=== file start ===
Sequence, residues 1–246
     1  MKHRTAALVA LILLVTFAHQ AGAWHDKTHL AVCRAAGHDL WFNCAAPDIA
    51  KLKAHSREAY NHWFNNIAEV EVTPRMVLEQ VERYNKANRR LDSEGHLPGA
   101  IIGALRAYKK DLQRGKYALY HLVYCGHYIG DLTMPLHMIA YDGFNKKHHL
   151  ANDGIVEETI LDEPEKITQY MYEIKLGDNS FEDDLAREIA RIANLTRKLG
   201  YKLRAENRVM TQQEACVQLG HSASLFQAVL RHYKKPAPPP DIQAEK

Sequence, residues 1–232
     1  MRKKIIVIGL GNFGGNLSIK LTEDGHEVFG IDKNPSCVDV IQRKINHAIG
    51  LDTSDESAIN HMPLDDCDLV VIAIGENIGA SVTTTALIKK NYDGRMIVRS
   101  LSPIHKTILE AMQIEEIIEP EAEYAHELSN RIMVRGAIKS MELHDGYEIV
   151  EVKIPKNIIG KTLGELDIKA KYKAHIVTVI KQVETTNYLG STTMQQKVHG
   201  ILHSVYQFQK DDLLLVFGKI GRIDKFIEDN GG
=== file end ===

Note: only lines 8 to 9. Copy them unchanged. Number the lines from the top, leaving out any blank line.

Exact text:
     1  MRKKIIVIGL GNFGGNLSIK LTEDGHEVFG IDKNPSCVDV IQRKINHAIG
    51  LDTSDESAIN HMPLDDCDLV VIAIGENIGA SVTTTALIKK NYDGRMIVRS